When we talk about being mindful, we start with the breath and move on from there; towards eating mindfully, walking mindfully or driving with intention; listening to our hearts.
When we are parenting children, our hearts are often intertwined with the hearts of our kids as well as our spouses’ heart. Having different interests, needs and priorities gets amplified with the number of personalities that constitute ones family.
My first step towards being a connected parent is being sure that some of my desires are met. Yes, some not all. Since some of my needs are not aligned with the needs of my children or my spouse, I listen to my heart to find the ways that I can balance our needs daily, therefore simplifying our lives.
Hard to do? Yes but possible!
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Once a week I am a dorm parent to eighteen teenage boys; it is a totally fascinating experience. I watch them navigate space with their bodies and their interactions are so awkward – full of uncertainty, strength and confusion.
When I feed my daughters everything is homemade, organic and nutritious. The boys know this (I think) since when I am in their space I read books like Mindful Birthing, The Birth Partner or I sit and crochet. They usually stay clear of me; just the way my brothers stay clear of me when I drink nursing tea.
Looking up to teenage spontaneity
A few weeks ago the boys were studying for exams, so I prepared 40 of those Pillsbury instant croissants and biscuits that come out of pop out tubes. I also had carrots, almonds and juice.
Well, Pillsbury doughy goodness brought all the boys to my feet. They congregated around the table, eating with abandon and joy. Seeing this level of sheer bliss reminded me that as parents we try to control everything. I wanted to feel this freedom they were experiencing from biting into something without thinking anything. I wanted to be able to just mindfully enjoying the flavor, texture and moment of filling my stomach without thinking about nutrition or the corporation that brought me the product.
So a week later I took a big step, I bought one of those Pillsbury croissant tubes and let it sit in my refrigerator. Then a week after that, once the girls were asleep, I baked the 8 croissants, sat in my bed and ate 4 of them. It was divine! I left the other 4 for my husband who was returning late from hockey and he agreed; they were divine.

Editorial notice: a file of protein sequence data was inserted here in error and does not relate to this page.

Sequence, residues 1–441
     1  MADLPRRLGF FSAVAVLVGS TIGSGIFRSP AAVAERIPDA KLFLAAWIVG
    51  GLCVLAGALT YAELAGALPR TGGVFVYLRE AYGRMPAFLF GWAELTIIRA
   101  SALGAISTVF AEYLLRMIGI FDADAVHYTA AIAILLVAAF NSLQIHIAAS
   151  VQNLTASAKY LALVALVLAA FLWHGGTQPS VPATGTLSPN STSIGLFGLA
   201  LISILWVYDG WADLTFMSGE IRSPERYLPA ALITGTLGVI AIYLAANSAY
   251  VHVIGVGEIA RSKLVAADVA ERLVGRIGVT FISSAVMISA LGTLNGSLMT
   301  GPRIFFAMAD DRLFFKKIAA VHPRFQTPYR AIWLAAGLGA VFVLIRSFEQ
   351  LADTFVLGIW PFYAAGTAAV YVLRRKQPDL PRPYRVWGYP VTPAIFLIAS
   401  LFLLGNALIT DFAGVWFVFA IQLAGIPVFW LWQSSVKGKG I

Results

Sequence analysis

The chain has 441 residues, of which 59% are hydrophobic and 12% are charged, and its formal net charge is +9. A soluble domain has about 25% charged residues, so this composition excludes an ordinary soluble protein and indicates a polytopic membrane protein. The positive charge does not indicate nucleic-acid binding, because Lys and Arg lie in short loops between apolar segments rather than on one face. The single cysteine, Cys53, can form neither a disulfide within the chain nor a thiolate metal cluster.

Being around these boys on a weekly basis often teaches me about letting go, about just being our awkward selves. For the most part each one of these boys are very different from each other, yet they cohabitate at such a young age and are still accepting of each other (sort of!). I often want to scoop them up and bring them home. Make them my pet sons. I know this is not a possibility but at least I get to learn from them every Sunday evening.
Becoming a Parent-Heidi Ahrens
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This is a short blog because it is about something we all hold so dear: time.
I am too busy
I have been so busy
I did not have the time
Where did it go?
Hold on a minute…
Maybe in an hour I will have time
We make our own time. We are the creator of our own time fillers.
When I think of some statements around time like “ I have been busy” or “ I had no time”, I realize that it really means that I did not make xyz a priority, or xyz was not something I wanted to do with my time. I know that often these honest answers would be hurtful to the person questioning me about my day, but most of the time I am very much in control of my day and fill them with things that bring me happiness. Often, I can’t fill the day with all the things I would love to do, but I prioritize. This does not mean that I am unhappy with my busy life, it just means that I filled my time with things that bring me joy or closer to understanding.
Do you know of another way to say “I have been busy” or “I had no time” that does not carry the negative connotations of time wasted or stress?
What is your relationship with time? Why are we so protective of our time? Why are we so busy, yet we want to have more time to do?
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